Biological targeting has been a key concept in cancer treatment. Despite the clinical success of some biological targeting systems, significant challenges still remain. For example, there are few tumor-specific biomarkers that are expressed at sufficient high level for targeted drug delivery. Many cancers do not have tumor-specific biomarkers that are amenable for targeting. One sure example is triple-negative breast cancers (TNBCs), tumors that do not overexpress estrogen receptor, progesterone receptor and human epidermal growth factor receptor 2. Therefore, there is great need of developing new technology that can be broadly used in the targeting of cancers, in particular those without natural biomarkers. In this study, we aim to develop azido moiety (N3)- mannose analogues that are metabolically active only in cancer cells but are not in non-cancerous cells/tissues, and the metabolism of such azido-mannose analogues lead to ?over-expression? of N3 group on cancer cell surfaces as endogenously inserted tumor biomarkers for in vitro and in vivo Click Chemistry mediated targeting. Our work will provide an entirely small-molecule-based targeting technology for many cancers that do not have established biomarkers.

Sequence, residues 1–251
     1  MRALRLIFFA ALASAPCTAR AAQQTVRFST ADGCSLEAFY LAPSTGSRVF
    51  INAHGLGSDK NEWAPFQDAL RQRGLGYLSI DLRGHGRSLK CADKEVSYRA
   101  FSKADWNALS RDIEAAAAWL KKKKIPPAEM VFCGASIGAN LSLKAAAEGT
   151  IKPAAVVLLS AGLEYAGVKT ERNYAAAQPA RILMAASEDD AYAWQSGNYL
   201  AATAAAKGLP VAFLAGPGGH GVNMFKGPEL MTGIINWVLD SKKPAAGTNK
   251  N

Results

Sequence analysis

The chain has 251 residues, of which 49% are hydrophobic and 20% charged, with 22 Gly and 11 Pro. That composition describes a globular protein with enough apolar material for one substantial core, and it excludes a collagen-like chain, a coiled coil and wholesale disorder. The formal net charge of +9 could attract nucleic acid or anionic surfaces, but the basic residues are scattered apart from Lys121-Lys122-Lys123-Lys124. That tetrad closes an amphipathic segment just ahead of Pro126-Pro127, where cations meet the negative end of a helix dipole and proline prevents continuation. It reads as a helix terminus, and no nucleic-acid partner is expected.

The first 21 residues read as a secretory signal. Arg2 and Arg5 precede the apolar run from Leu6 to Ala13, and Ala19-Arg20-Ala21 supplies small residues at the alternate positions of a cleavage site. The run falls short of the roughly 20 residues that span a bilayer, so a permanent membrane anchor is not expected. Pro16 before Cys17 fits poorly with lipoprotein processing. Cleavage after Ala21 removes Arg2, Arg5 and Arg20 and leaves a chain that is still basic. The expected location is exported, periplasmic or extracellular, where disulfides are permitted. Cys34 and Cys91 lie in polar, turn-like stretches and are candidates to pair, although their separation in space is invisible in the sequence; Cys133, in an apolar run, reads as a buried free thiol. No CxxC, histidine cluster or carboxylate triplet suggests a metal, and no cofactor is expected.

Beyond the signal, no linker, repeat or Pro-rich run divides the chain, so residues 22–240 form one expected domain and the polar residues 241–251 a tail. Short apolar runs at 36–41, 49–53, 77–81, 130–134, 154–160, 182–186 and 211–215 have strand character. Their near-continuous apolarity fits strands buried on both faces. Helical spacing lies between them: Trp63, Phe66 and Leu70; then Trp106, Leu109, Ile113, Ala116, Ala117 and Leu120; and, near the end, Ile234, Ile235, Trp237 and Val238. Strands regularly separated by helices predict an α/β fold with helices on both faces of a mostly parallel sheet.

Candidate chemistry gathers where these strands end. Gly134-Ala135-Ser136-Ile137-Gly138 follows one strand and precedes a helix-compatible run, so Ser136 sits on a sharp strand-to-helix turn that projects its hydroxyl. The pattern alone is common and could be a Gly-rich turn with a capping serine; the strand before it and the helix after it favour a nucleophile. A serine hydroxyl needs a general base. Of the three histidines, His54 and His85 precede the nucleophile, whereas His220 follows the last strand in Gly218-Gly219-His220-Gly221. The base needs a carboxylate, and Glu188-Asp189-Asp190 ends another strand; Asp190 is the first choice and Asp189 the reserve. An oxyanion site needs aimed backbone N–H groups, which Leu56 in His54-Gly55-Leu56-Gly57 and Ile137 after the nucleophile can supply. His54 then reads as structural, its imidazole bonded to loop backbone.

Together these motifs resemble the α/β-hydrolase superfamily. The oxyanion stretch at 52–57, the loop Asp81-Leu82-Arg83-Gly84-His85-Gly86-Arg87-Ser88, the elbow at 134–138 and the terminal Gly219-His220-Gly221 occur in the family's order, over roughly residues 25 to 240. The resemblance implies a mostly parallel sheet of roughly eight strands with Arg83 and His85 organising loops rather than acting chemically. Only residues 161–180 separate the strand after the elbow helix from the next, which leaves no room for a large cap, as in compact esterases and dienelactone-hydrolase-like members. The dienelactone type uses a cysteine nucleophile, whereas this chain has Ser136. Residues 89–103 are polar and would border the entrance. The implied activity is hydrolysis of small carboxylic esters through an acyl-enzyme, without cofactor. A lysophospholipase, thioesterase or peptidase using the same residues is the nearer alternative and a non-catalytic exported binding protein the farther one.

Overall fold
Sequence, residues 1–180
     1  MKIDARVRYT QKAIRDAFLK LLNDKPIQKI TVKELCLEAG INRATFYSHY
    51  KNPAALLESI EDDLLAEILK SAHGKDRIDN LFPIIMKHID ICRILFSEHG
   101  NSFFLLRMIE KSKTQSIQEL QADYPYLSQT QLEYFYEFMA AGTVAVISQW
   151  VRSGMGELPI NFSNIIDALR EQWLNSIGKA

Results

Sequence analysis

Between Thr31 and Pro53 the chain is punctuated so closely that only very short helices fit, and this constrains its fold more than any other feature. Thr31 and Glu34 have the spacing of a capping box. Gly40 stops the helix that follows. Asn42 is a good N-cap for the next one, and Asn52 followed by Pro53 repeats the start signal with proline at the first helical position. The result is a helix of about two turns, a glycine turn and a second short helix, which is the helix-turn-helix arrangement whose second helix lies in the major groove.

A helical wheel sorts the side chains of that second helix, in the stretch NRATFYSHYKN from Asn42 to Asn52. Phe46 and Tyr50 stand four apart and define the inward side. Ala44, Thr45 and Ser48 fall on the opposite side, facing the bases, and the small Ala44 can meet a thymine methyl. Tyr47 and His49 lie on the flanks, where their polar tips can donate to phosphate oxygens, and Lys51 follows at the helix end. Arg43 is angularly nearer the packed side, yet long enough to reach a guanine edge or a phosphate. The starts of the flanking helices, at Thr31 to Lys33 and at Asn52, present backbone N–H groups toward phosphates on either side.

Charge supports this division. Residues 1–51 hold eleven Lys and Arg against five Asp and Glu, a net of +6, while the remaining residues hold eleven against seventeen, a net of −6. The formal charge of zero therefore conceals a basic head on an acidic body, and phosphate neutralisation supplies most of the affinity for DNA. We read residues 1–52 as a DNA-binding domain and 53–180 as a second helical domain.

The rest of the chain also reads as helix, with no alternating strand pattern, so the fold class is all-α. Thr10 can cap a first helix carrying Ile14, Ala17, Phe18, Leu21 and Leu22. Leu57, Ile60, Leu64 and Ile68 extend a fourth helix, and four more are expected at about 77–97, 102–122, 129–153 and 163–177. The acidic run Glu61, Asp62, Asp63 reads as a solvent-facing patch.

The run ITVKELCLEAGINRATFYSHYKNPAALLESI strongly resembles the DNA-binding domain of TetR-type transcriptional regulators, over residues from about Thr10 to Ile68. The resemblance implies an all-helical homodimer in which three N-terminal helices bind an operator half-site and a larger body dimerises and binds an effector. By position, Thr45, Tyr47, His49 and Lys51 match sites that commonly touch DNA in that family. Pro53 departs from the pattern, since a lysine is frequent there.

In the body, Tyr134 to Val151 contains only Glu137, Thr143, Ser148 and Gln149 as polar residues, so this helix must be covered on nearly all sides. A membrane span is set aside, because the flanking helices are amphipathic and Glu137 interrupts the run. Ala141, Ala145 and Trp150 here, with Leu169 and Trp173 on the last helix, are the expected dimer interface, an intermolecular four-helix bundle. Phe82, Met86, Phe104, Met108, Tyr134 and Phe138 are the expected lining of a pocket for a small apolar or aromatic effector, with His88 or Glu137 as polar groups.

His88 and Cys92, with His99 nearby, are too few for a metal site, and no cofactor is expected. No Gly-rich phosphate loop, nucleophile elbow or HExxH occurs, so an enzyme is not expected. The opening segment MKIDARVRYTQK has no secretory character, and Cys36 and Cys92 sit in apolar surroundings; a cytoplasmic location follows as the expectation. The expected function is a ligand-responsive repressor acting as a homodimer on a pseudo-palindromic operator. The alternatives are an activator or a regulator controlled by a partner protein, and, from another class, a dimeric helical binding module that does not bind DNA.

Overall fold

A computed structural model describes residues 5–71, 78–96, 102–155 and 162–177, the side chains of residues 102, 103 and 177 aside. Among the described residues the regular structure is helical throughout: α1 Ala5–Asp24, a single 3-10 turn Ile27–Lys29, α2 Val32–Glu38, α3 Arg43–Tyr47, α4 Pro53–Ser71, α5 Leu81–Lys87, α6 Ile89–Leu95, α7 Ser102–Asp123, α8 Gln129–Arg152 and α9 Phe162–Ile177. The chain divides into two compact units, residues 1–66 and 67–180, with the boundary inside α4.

We aim to incorporate the use of this new cancer targeting technology in nanomedicine and develop an effective nanotherapeutics for targeted cancer chemotherapy and immunotherapy against TNBCs. The key hypotheses to be tested in this project are (1) whether effective in vitro and in vivo cancer targeting can be achieved based on endogenous insertion of azide, a synthetic chemical functional group, as the unnatural biomarker, followed by in vitro and in vivo covalent Click Chemistry and (2) whether this new targeting technology coupled with nanomedicine can be used to treat cancers that are typically non-targetable.
Many cancers do not have tumor-specific biomarkers; targeting these cancers can be very difficult or impossible. In this study, we aim to test the hypothesis whether cancer targeting can be achieved by simply using a specially designed sugar molecule and targeted cancer therapy can be achieved via nano-chemotherapy and nano- immunotherapy coupled with the use of this small molecule mediated cancer targeting technology.